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Return of: I'll show you mine and you show me yours!!
Old 05-20-2011, 08:22 AM   #1
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Return of: I'll show you mine and you show me yours!!

Most of the following information came from my previous thread. What I am trying to do is illustrate how I am planning to set up my portfolio for drawdown. I've added some notes as well as some options. I would be very interested to see what other people are living on (total $$) how their portfolios are structured, how long they have been retired (I'm working part time right now, but could pull the trigger at any time and want the portfolio ready to go), how old you were when you retired, and any other information that might be relevant such as changes in withdrawal amounts, kids, rent vs own, etc.

That being said, here's mine

I'm 41 years old
Still working part time and setting things up
Not married (tried it once, lol)
I've lived on this amount of $$ for 16 months and it was easy!
No kids

Assume a 750k portfolio and a 50 year payout
70/30 stock/bonds&cash mix
750 * 0.3 = 225k in cash/bonds
750k - 225k = 525k stock funds
475k in S&P 500/total stock market fund
50k in global/emerging markets high risk own picks etc. (appx 10%)
assume 30k/year for living expenses
(with changes could get as low as 20k living expenses pretty comfortably)
5 years living expenses in a ladder or decent interest bearing cash vehicle
5 * 30k = 150k for 5 years living expenses in some laddered investments or anything with decent interest rate
225k - 150k(from 5 yr ladder) = 75k to be put into bond fund

Other information:
Firecalc gives me 100% survival rating even when no SS is assumed and interest rate is at 4%
I have a paid off house that I rent out which nets me about $6000/yr, house value is about 130k.
This will eventually be sold and proceeds added to portfolio.
I own half of a 2 family which flows cash but all monies are currently reinvested to fix it up.
Current value of 2 family is about 160k. Balance of loan is 140k and loan matures in 25 yrs.
This would either be sold eventually and proceeds added to the portfolio, or once paid off use
the rents to lower withdrawals from portfolio

The house I live in I owe 130k on and is worth about 250-270k. I could sell this house
and buy a nice house for about 150-170k loan free with lower taxes.
I will likely do this if my work dries up.
In my current house, I would need to withdraw 26k annually, so I have 4k wiggle room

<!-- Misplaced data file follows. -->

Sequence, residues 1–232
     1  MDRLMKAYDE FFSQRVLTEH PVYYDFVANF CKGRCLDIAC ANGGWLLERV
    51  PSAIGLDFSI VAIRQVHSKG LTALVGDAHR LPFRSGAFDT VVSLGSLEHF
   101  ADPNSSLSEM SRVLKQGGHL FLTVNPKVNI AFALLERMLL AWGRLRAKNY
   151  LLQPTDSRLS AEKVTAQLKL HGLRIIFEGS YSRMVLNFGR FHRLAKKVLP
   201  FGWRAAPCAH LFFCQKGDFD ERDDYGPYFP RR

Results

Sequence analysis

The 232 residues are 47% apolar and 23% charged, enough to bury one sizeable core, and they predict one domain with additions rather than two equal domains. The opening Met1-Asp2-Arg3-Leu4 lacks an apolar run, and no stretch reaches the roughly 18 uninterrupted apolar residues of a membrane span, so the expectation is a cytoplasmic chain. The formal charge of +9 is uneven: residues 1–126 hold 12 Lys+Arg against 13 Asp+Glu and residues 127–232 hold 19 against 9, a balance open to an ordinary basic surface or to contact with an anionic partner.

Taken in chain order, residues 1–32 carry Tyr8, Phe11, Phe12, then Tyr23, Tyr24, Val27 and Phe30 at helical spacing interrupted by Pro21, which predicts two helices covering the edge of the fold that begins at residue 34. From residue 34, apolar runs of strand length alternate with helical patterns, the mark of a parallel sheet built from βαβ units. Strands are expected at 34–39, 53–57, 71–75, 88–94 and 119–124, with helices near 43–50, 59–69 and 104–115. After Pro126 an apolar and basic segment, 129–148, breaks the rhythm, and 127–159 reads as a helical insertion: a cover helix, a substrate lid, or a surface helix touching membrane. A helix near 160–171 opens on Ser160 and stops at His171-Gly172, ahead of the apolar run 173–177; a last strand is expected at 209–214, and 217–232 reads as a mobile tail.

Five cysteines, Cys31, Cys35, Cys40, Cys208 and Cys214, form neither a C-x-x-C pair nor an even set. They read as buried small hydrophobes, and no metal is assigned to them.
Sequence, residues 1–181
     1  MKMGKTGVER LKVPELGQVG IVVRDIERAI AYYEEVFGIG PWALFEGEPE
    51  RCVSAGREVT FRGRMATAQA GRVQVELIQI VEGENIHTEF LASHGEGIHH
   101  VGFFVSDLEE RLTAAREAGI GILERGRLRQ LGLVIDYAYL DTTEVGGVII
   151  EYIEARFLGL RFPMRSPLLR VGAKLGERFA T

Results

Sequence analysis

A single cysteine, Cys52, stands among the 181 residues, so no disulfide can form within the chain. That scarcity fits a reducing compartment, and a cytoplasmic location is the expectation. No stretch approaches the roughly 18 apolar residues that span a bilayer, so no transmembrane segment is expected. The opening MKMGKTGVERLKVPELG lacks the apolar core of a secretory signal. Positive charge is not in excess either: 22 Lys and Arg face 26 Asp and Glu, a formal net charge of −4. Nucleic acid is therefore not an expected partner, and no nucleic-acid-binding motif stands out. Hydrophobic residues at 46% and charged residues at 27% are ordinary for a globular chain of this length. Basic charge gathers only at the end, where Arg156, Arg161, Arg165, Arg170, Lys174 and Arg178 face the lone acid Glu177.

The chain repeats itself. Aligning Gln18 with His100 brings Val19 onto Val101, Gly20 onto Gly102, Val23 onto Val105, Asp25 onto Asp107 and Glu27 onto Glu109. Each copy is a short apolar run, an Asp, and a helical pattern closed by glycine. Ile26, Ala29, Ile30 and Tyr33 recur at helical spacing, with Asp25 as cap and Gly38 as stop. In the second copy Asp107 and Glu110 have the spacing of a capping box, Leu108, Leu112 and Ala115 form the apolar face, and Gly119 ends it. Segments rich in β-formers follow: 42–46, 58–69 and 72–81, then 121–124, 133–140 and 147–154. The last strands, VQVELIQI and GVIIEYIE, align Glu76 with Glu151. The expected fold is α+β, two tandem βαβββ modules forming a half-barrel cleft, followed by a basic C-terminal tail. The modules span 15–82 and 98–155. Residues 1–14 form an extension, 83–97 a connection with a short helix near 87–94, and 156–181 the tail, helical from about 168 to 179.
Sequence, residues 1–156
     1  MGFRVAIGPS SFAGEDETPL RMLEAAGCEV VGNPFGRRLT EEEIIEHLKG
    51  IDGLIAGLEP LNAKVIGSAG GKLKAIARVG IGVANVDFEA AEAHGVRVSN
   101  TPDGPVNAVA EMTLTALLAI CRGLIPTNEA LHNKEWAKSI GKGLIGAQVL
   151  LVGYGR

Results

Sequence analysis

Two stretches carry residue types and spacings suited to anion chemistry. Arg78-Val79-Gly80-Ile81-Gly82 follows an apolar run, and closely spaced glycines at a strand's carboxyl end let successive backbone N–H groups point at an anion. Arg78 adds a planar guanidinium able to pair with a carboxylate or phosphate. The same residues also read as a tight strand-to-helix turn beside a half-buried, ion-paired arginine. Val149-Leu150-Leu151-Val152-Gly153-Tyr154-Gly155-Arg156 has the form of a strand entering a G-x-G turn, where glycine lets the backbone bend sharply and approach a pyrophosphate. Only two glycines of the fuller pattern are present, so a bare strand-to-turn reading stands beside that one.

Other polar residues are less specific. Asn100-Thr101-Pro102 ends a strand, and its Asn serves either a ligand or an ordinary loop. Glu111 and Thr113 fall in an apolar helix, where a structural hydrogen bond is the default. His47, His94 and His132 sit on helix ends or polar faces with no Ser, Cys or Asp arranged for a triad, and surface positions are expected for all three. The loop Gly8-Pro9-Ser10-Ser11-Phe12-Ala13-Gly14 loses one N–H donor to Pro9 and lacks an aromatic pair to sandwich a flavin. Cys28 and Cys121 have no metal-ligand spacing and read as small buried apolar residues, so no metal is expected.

If I were to sell this house and buy the cheaper one, I would have to withdraw about 20k/annually so I would have
about 10k wiggle room
I plan on adding modestly to my portfolio while I contract part time, and not withdrawing anything from it unless work dries up.
Questions:
Is this a reasonable allocation for the cash portion given the real estate holdings?
Is this in general how some people are structuring their portfolios during deaccumulation phase?
Is the portfolio diversified enough or should I add more small cap/foreign exposure?
Where do I park the 150k living expenses where i get a decent interest rate? CDs are terrible now?
Any other comments?
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Old 05-20-2011, 01:33 PM   #2
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I am 62, live alone in my paid off home, and have been retired for 18 months. I am NOT a financial wizard and I am posting as just another member who happens to be retired already.

Quote:
Originally Posted by panhead View Post
Questions:
Is this a reasonable allocation for the cash portion given the real estate holdings?

Depends on your risk tolerance.

Is this in general how some people are structuring their portfolios during deaccumulation phase?

I have no idea. Personally I don't hold any real estate except for my own home. I probably should but I have no desire to be a landlord. My asset allocation is 45:55 (equities:fixed). I have a small pension, and I am 63 so I can claim SS whenever I decide to make that leap.

Is the portfolio diversified enough or should I add more small cap/foreign exposure?

Personally I don't have any specifically small cap funds, but I have 13% VFWIX (Vanguard FTSE All-World Ex-US Index Fund). That is pretty comparable to your present international holding percentage. So, I think you are fine.

Where do I park the 150k living expenses where i get a decent interest rate? CDs are terrible now?